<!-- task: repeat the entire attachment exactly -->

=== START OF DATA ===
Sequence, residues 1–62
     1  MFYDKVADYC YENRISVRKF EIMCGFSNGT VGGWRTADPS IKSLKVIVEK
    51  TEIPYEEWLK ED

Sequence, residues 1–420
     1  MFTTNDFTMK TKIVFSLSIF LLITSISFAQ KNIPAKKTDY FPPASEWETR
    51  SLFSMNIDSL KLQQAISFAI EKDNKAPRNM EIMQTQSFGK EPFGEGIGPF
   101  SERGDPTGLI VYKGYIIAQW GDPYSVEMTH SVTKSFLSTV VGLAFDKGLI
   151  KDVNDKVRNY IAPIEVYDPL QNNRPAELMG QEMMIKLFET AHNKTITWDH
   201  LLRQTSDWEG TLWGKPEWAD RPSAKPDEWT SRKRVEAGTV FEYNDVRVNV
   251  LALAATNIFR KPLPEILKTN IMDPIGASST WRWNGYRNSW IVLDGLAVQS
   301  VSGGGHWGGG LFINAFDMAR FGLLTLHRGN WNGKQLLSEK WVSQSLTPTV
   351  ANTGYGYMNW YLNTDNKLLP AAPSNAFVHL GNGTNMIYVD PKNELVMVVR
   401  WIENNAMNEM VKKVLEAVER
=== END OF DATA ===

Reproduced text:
Sequence, residues 1–62
     1  MFYDKVADYC YENRISVRKF EIMCGFSNGT VGGWRTADPS IKSLKVIVEK
    51  TEIPYEEWLK ED

Sequence, residues 1–420
     1  MFTTNDFTMK TKIVFSLSIF LLITSISFAQ KNIPAKKTDY FPPASEWETR
    51  SLFSMNIDSL KLQQAISFAI EKDNKAPRNM EIMQTQSFGK EPFGEGIGPF
   101  SERGDPTGLI VYKGYIIAQW GDPYSVEMTH SVTKSFLSTV VGLAFDKGLI
   151  KDVNDKVRNY IAPIEVYDPL QNNRPAELMG QEMMIKLFET AHNKTITWDH
   201  LLRQTSDWEG TLWGKPEWAD RPSAKPDEWT SRKRVEAGTV FEYNDVRVNV
   251  LALAATNIFR KPLPEILKTN IMDPIGASST WRWNGYRNSW IVLDGLAVQS
   301  VSGGGHWGGG LFINAFDMAR FGLLTLHRGN WNGKQLLSEK WVSQSLTPTV
   351  ANTGYGYMNW YLNTDNKLLP AAPSNAFVHL GNGTNMIYVD PKNELVMVVR
   401  WIENNAMNEM VKKVLEAVER